Figures from Lloyds show that there were 171,300 home movers in the first six months of 2017, down two per cent from the first half of 2016.
But the number of people moving house is still less than half its levels before the financial crash in 2007.
Since hitting a market low of 117,900 in the first half of 2009, the number of homemovers has grown by 45 per cent but is still low compared with the first half of 2007 when it was 327,600.
Homemovers account for around half (51 per cent) of the housing market compared to 64 per cent a decade ago.
Andrew Mason, Lloyds Bank mortgage products director, said that despite continuing low interest rates and rising unemployment, the number of home owners “appears to have stabilised”.
“This has meant that homemovers now account for just half of today’s housing market compared to a decade ago when it accounted for two-thirds of the market,” he said. “This has a knock on affect for first time buyers as there will be fewer properties available for them also.”
The study also showed the house prices and deposits paid by home movers has risen to record levels.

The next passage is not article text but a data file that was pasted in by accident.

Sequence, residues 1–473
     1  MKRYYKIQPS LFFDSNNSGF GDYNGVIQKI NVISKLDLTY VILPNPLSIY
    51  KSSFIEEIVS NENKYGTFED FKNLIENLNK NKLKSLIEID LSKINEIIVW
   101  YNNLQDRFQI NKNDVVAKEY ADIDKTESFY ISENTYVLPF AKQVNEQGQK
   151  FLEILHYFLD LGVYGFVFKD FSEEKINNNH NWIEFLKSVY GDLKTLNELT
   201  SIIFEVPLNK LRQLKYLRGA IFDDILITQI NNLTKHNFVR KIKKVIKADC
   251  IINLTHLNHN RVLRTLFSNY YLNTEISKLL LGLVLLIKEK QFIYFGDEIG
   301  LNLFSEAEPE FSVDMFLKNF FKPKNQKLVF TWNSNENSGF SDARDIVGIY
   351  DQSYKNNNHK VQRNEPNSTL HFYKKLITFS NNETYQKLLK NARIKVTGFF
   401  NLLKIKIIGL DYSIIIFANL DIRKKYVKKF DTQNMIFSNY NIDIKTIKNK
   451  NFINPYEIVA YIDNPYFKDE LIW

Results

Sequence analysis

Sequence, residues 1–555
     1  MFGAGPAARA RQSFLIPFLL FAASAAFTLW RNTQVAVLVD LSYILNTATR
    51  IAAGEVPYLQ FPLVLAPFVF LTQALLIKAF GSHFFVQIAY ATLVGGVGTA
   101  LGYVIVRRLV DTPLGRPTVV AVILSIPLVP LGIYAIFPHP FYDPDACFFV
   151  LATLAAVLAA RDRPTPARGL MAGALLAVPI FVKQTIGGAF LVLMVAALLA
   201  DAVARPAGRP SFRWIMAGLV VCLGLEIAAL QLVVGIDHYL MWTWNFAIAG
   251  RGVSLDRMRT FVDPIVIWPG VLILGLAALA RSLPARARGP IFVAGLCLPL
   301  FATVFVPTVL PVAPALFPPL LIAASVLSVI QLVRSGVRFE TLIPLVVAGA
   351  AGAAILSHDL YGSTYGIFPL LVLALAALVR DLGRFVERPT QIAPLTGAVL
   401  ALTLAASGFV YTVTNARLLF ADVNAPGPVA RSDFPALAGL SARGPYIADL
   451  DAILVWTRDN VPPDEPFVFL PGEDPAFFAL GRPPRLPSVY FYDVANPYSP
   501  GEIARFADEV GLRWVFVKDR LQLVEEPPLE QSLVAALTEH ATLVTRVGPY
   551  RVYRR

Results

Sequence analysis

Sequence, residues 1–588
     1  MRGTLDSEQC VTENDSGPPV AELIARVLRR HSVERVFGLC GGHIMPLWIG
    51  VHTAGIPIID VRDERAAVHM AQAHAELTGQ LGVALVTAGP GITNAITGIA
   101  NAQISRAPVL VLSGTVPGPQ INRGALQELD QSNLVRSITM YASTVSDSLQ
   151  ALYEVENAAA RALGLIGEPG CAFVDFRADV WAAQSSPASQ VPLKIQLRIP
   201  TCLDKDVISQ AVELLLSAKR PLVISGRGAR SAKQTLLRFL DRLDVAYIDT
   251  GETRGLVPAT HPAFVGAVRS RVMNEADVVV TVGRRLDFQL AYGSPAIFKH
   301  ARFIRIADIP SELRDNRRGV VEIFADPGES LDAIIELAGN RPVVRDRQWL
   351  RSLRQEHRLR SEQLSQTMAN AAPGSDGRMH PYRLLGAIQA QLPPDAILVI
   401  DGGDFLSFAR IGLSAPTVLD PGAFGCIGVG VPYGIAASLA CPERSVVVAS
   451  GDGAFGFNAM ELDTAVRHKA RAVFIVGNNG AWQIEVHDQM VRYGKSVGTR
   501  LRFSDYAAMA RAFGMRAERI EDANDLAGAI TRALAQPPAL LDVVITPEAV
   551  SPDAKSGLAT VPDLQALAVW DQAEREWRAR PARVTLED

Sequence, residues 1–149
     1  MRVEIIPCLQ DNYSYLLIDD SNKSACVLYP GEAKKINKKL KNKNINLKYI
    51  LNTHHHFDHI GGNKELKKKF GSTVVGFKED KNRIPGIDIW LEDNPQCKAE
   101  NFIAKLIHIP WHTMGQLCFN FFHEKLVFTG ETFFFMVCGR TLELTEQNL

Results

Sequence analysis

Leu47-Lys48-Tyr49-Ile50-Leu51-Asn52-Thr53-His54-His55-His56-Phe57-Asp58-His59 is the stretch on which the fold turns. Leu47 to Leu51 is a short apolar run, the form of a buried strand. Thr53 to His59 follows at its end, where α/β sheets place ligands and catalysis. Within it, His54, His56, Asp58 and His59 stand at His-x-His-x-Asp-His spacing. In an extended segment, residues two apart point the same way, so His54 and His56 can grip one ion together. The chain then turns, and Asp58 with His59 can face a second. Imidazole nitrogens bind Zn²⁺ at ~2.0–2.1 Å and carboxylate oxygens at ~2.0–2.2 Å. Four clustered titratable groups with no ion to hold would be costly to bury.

Over the past five years, the average price paid by home movers has grown by 41 per cent from £206,122 in 2012, to £290,991 in June 2017. That is equivalent to a monthly rise of £1,414.
In London the average home mover price has grown by 56 per cent since June 2012 to £561,032, making it the highest in the UK.
The average homemover price in the capital is 41 per cent higher than the South East where it is £397,452, which is the second most expensive. Northern Ireland has lowest average price of £165,404.
The average deposit put down by a home mover has increased by 40 per cent in the past five years, from £68,663 in 2012 to £96,109 in 2017. Londoners put down the largest deposit towards the purchase of their next home at £188,916.
Recent figures from UK Finance, which represents mortgage companies, showed first-time buyers were driving the market despite the historically low level of housing being built and the lack of homeowners moving.
They borrowed £5.9bn in June, up 26 per cent on the previous month and 9 per cent on June 2016. This equated to 36,000 loans, up 22 per cent month-on-month and six per cent year-on-year.